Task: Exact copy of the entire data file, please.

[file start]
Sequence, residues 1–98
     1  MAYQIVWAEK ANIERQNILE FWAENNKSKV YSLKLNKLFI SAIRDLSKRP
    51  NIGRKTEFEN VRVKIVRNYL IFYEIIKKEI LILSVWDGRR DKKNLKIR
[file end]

Sequence, residues 1–98
     1  MAYQIVWAEK ANIERQNILE FWAENNKSKV YSLKLNKLFI SAIRDLSKRP
    51  NIGRKTEFEN VRVKIVRNYL IFYEIIKKEI LILSVWDGRR DKKNLKIR